Free Content Recruitment of sessile marine invertebrates on Hawaiian macrophytes: Do pre-settlement or post-settlement processes keep plants free from fouling?

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Abstract:

Although the polychaete Hydroides elegans and bryozoan Bugula neritina are dominant members of the fouling community in Hawaiian waters, these organisms were rarely found on macroalgae and seagrasses. Three explanations for this lack of fouling on macrophytes were considered: (1) larvae did not settle on these surfaces, (2) physical characteristics of the macrophytes prevented firm attachment, and (3) macrophyte flexibility exceeded animal flexibility. To determine if either invertebrate would settle on 40 species of macrophytes, settlement bioassays were run. When exposure was toxic to larvae, chemical anti-fouling mechanisms were suggested. Macrophytes that were not toxic, but avoided by settling larvae, may have been chemically protected by non-toxic, deterrent compounds, or avoided because of unacceptable morphologies or surface energies. When larval settlement occurred, adhesion strength was tested. To determine if macrophytes were more flexible than attached invertebrates, the macrophyte with attached animals was bent around rods of decreasing diameter until animals were dislodged, or the lamina broke. One or more of the tested types of anti-fouling protection could explain the lack of H. elegans on all 40 macrophytes. Pre-settlement defenses explained the lack of H. elegans on 23 species; post-settlement processes could explain its absence on the remaining 17 species. The lack of B. neritina could only be explained on 18 species of macrophytes.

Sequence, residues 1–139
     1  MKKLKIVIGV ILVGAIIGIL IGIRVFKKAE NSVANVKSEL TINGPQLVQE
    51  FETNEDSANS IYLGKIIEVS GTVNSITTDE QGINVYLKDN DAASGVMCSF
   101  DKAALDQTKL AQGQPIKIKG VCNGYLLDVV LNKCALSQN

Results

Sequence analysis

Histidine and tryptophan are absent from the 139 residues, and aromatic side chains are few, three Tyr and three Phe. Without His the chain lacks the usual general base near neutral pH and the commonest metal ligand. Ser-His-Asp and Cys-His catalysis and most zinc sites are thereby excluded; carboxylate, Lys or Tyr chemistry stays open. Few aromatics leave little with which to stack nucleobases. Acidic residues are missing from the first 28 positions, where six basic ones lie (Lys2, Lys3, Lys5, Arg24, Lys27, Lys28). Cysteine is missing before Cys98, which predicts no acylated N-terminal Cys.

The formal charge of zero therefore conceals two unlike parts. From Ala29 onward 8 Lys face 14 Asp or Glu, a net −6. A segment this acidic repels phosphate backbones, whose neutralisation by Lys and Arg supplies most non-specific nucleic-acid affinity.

Document Type: Research Article

Publication date: May 1, 2003

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  • The Bulletin of Marine Science is dedicated to the dissemination of high quality research from the world's oceans. All aspects of marine science are treated by the Bulletin of Marine Science, including papers in marine biology, biological oceanography, fisheries, marine affairs, applied marine physics, marine geology and geophysics, marine and atmospheric chemistry, and meteorology and physical oceanography.
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